How to find out if someone had a life insurance policy
You may have recently lost a loved one and are now dealing with the unexpected costs of a death in your immediate family. You and your family could be facing costly funeral expenses alongside the responsibility of settling your loved one’s outstanding debts.
If you’re unsure if your loved one had savings or insurance, how will you deal with the new costs of living without your loved one?
There’s a chance your loved one may have had a life insurance policy, but how do you know if it’s not laid out in a will? There are a few ways you can determine if your loved one had a life insurance policy. We’ll review how you can find your deceased loved one’s policy in this article and provide you with crucial information about a helpful organization to aid you in your search.
- You can take steps yourself to confirm whether a loved one had life insurance policy; checking mail, files, storage, their workplace, etc
- If all else fails, and organization like the OLHI can help find your loved one’s policy details on your behalf as long as you have reasonable proof you already exhausted your search options
- If you have life insurance coverage, it’s vital to inform your beneficiaries so they can access the funds as quickly as you intended
Look for your loved one’s life insurance policy yourself
Review your loved one’s bank information and financial records. Look through them to see if your loved one sent monthly or automatic payments to a life insurance company. You can also check with credit card companies to see if your loved one made a payment arrangement with a life insurance company. These are signs they may have been paying a life insurance policy premium, and the name of the carrier will give a you head start on where to inquire for the life insurance claim.
Check the mail
Check their mail and keep a lookout for new pieces of mail after your loved one’s passing. They may posthumously receive their notices for premiums, dividends notices, policy services, or monthly statements from a life insurance provider.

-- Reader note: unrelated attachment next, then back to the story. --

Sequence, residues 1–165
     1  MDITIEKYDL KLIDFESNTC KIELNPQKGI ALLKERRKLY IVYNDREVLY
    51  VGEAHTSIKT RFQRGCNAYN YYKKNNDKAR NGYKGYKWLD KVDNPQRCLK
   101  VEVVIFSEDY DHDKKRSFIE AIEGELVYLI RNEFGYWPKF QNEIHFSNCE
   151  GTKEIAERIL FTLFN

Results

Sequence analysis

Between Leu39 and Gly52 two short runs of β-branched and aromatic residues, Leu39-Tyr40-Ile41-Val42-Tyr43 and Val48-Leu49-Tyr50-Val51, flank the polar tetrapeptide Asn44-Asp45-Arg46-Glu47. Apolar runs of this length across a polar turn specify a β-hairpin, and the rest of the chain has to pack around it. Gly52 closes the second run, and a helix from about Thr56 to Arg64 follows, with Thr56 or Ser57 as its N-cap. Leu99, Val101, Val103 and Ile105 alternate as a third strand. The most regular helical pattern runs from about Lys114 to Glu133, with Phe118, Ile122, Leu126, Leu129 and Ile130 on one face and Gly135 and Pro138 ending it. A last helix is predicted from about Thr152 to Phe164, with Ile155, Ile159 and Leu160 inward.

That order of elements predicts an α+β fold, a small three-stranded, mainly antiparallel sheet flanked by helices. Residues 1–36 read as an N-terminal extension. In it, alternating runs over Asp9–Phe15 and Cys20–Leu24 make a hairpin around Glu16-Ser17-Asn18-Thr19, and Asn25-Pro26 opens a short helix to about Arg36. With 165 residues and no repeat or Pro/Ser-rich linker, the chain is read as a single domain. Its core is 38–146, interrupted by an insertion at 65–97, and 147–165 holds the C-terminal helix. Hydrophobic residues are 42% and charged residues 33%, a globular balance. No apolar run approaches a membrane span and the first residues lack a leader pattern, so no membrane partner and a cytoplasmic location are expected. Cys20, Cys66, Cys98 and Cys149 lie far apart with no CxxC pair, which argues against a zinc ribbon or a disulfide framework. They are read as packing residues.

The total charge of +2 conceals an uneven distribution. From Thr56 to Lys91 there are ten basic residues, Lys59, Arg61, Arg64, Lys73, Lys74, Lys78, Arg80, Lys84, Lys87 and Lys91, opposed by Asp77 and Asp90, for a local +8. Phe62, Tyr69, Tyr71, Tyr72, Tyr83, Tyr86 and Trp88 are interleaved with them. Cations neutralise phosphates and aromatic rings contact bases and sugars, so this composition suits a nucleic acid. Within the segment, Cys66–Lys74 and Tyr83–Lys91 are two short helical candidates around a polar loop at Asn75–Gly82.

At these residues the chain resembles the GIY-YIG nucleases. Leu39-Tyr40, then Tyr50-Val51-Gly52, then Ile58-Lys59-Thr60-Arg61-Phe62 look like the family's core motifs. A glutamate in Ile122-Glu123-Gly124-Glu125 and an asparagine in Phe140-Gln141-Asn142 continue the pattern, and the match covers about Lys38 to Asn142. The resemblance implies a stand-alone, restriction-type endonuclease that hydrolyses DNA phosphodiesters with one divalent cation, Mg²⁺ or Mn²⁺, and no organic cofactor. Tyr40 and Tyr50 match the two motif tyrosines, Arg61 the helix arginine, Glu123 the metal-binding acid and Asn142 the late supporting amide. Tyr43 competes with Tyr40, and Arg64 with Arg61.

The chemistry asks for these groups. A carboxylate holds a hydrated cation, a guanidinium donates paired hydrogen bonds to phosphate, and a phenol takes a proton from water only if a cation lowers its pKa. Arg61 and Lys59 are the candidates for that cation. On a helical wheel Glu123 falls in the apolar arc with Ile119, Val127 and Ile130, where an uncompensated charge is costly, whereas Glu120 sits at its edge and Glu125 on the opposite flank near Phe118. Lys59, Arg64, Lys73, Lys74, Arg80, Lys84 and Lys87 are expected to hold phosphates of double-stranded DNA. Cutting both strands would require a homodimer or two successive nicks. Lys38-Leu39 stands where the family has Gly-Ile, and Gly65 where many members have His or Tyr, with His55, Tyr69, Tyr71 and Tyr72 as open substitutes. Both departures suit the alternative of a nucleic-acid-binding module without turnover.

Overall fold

Check files and storage
You should also check your deceased loved one’s storage locations. Scour your loved one’s known storage spaces for any proof they could have of their life insurance policy, like a printed version of the policy or receipts for payments. Storage areas include filing cabinets, desk drawers, a safe, or a safety deposit box. It would be best if you did whatever you can to check inside those storage areas as well.
Suppose you cannot get inside the safety deposit box yourself. In that case, it is as simple as taking the death certificate and an executor’s testament to the bank where the safety deposit is. Spouses of the deceased usually will only require a death certificate and their marriage certificate to access a safety deposit box.
Make sure to check your loved one’s address book. Either in paper form or stored on a mobile device, address books and phone contacts may hold hints of your loved one’s term life insurance policy, such as the phone number or email address for a life insurance agent or company.
Lastly, examine your loved one’s tax returns, and make sure to even look over your loved one’s income tax returns from prior years. You’re looking to see if they have made any claims for interest collected on their life insurance policies.
Check with attorneys, accountants
You can also reach out to the deceased’s financial and legal professionals to find information about their potential life insurance policy. If your loved one had a lawyer, accountant, or financial advisor, reach out and ask them if they know if your deceased loved one had purchased any life insurance policies.